Among the dozens of small-app assignments we reviewed, the following misconceptions and “poor practices” tend to repeat a lot


“Poor practices” are only poor practices when you don’t understand what you are doing surely and deeply. When you do, any practice can be a good practice!


In this article, I’ll focus on the primary use case of ViewModel for 90% of app screens: fetching and displaying some data. For secondary use cases such as handling button clicks or other user inputs, I believe that the same points hold true, but that deserves a separate article.

A) When to start fetching data?

Do: Use Kotlin’s init {}

The “auto-refresh” convenience Room’s RxJava (Flowable) integration gives you does come with a couple of caveats

Problem #1 UI is refreshed too many times

Given a view that renders data from stream that reads a particular DB tables, how many times will it update itself if old records are cleared and then new records inserted and/ or updated one by one?

N times, with N being the total number of write operations!

Not only it is an expensive operation but it can cause deteriorated UX e.g. loading animation comes and goes flashing too many times


  • Group DB write operations into a @Transaction when possible
  • Use distinctUntilChanged() downstream…

The code

1 activity app with 1 presenter. Full source code is here


@Subcomponent(modules = [MainActivityComponent.MainActivityModule::class])
// @PerActivity
interface MainActivityComponent {
fun inject(mainActivity: MainActivity)

class MainActivityModule(private val mainActivity: MainActivity) {

// @PerActivity
fun presenter(catRepository: CatRepository): MainPresenter {
return MainPresenter(catRepository, mainActivity)

PerActivity scope

annotation class PerActivity

Scoped dependencies

There’s a reference to the presenter in the generated code for the MainActivityComponent, allows Dagger to clear it automatically (when the activity is destroyed by the OS or by you)


private final class MainActivityComponentImpl implements MainActivityComponent {
private Provider<MainPresenter> presenterProvider; // <-- Reference here

private MainActivityComponentImpl(…

One upon a time, there was a singularity named :app module. Then came the smaller monoliths, namely :persistence, :networking and :models

Photo by Clay Banks on Unsplash

Why layers monoliths is a mistake?

  • They are still monoliths, albeit smaller than :app
  • All the problem that applies to :app still applies to :networking , :persistence and :models while you get none of the benefits modularization brings

Benefits of modularization

  • (Incremental) build time
  • Small and focused module — more productivity while working on a particular feature/ product
  • Features/ products are more self-sufficient and less inter-dependent so more flexibility in design, implementation and testing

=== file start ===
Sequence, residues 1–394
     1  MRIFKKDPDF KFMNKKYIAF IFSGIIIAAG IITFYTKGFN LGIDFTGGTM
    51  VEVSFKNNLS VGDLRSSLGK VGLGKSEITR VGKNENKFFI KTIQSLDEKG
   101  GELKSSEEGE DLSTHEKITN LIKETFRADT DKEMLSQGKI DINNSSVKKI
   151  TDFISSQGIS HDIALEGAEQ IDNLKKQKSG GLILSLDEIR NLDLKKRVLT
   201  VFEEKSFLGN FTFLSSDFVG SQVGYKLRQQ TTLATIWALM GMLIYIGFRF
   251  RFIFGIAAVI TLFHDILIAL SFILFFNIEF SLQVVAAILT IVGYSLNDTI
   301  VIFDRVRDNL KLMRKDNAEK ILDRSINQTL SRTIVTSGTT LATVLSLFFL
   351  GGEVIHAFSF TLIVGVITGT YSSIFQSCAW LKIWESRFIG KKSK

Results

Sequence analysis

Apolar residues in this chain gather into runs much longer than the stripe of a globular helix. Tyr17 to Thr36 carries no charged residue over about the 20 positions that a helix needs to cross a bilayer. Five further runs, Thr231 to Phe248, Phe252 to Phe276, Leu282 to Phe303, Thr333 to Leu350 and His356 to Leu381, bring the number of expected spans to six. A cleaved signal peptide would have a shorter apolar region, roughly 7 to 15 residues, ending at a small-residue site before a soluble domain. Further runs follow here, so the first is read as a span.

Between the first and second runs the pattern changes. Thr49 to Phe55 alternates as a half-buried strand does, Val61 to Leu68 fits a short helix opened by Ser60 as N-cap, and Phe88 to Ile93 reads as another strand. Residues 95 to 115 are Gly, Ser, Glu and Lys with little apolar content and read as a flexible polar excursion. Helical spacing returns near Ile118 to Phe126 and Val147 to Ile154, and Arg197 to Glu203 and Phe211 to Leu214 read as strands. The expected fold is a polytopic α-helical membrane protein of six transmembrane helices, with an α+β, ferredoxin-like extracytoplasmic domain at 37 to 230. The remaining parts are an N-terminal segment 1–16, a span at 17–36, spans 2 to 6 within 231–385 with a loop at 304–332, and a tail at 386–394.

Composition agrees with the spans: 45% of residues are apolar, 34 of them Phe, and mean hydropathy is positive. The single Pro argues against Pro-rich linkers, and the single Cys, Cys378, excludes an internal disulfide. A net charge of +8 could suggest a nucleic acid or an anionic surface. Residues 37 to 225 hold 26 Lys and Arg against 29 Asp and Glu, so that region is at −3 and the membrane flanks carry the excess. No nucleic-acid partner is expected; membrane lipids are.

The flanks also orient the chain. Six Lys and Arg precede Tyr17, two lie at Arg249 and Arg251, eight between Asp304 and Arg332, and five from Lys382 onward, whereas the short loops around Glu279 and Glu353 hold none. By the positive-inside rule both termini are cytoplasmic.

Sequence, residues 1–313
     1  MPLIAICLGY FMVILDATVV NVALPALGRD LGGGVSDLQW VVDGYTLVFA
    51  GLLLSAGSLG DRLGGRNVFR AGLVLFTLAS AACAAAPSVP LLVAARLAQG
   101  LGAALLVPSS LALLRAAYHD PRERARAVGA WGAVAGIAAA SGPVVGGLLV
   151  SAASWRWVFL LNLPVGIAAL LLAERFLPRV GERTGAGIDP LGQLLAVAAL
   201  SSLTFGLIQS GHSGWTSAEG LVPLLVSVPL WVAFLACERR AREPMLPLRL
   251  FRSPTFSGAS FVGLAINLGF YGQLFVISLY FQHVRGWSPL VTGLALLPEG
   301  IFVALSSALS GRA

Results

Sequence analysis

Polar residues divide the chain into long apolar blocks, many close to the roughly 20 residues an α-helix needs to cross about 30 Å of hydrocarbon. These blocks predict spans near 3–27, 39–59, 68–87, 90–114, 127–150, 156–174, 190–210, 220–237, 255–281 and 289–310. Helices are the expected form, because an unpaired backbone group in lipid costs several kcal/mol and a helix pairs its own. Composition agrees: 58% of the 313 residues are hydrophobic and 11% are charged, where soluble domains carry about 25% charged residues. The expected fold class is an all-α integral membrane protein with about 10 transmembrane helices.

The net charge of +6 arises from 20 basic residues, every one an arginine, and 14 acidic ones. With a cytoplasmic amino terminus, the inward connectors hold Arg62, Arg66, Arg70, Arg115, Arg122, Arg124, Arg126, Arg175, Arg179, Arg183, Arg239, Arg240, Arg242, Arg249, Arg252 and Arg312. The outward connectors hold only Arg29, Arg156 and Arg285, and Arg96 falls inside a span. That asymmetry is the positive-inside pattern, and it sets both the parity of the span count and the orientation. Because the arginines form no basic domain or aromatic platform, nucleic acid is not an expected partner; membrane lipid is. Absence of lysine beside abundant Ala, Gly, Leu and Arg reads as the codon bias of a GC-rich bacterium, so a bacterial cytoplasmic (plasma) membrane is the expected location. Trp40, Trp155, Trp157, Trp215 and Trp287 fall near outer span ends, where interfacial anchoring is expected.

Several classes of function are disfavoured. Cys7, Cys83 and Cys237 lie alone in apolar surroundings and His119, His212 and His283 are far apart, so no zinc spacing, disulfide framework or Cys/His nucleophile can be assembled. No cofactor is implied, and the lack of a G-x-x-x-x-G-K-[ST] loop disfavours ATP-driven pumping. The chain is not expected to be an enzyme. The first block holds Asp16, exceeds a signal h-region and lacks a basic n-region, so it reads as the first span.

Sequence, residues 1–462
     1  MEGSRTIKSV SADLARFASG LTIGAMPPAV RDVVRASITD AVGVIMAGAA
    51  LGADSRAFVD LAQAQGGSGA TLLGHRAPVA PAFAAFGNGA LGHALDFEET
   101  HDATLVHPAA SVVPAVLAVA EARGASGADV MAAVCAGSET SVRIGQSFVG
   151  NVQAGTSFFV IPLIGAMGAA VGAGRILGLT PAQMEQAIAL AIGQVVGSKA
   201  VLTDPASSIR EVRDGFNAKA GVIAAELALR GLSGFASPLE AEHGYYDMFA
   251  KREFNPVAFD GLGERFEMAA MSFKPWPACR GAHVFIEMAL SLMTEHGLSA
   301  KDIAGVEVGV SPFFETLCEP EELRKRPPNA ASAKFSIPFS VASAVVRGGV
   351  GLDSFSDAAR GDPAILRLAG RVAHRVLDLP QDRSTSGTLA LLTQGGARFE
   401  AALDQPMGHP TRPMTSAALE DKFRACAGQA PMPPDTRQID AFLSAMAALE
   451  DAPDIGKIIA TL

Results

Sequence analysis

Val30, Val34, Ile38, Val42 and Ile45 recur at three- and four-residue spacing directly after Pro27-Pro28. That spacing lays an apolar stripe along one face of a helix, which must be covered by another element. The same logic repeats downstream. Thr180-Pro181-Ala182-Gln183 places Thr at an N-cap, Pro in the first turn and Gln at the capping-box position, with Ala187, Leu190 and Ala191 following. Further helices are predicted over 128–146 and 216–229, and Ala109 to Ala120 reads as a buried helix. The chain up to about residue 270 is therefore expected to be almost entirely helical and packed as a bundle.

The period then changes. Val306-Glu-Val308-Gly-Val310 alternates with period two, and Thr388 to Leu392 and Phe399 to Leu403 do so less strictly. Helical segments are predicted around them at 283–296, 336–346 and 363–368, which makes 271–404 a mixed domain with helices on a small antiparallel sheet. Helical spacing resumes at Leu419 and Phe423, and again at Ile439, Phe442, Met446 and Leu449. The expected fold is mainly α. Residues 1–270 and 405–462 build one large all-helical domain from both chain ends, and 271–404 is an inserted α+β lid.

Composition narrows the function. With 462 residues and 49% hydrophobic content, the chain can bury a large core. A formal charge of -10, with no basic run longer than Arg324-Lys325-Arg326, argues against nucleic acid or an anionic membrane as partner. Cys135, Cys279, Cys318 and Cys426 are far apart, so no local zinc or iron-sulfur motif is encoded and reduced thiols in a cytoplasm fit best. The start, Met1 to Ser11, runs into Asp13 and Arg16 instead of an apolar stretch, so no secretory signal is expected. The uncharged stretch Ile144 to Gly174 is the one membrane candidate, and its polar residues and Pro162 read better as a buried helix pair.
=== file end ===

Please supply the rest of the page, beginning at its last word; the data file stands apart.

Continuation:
• Dynamic delivery of modules

More details in Jeroen’s article 👇

Why is it the greatest mistake?

  • The Internet is filled…

Photo by Ed Leszczynskl on Unsplash


Even though Proguard and R8 removed the unused code for you at release time, you should still make effort to remove dead code to reduce confusion, increase productivity of your everyday work and onboarding.


For starter, none of the static code analysis tools (SonarQube, CheckStyle, Pmd, Findbugs, Android Lint) I know does the job.

Since Proguard and R8 removed unused classes, I followed the instructions here and generated and generated an usage.txt file

  • Add -printusage to your file
  • Run ./gradlew app:minifyReleaseWithProguard or ./gradlew app:minifyReleaseWithR8

But the usage.txt file is big and I can clearly see some classed that are…

Photo by Tierra Mallorca on Unsplash

Imagine you went to meet your Tinder date and were informed on the spot that John or Mary or both were gonna join you presently. Replace Tinder date with your credit card application and and voila! Equifax and TransUnion are gonna enter your life and never leaves, forever ruining your relationships in a creepy way

Surprise surprise!

My first bank account in Canada was frozen out of the blue in June 2020. For more than 3 months, I had never been offered anything more than “one of the credit bureaus put a restriction on your files”.

Mistrust and verify

My credit started at below 650…

Given a list of Employees, find the average and sum of salary for each department.

You don’t have to be a Kotlin-programmer or any programmer to complete the following 4 tasks, just a curious mind and a love for numbers will do

Each Employee has the following properties:

  • Name
  • Department
  • Salary
  • Title

Does that sound familiar? I’m sure it does to all of us who have been through the 101 tutorial for Excel and SQL.

Buckled up as today we are going to learn how to achieve the same tasks with Kotlin aka.

Recently, when doing a small coding challenge in Kotlin I was faced with the choice of mutableMapOf() vs. HashMap()

Photo by Marc Sendra Martorell on Unsplash

Being a Java old-timer, I first went with HashMap() or hashMapOf()

But then all the Kotlin tutorials start with mapOf() and mutableMapOf() ?

Afterwards, I had some interesting discovery to share here:

Behind the scene, both mapOf and mutableMapOf use Java’s LinkedHashMap data structure

Utimately, the comparison between mapOf, mutableMapOf() and HashMap() is down to LinkedHashMap vs. HashMap in Java.

These are the 2 most popular implementations of Map (or Dictionary or Hashtable if you will) data structure in Java. …

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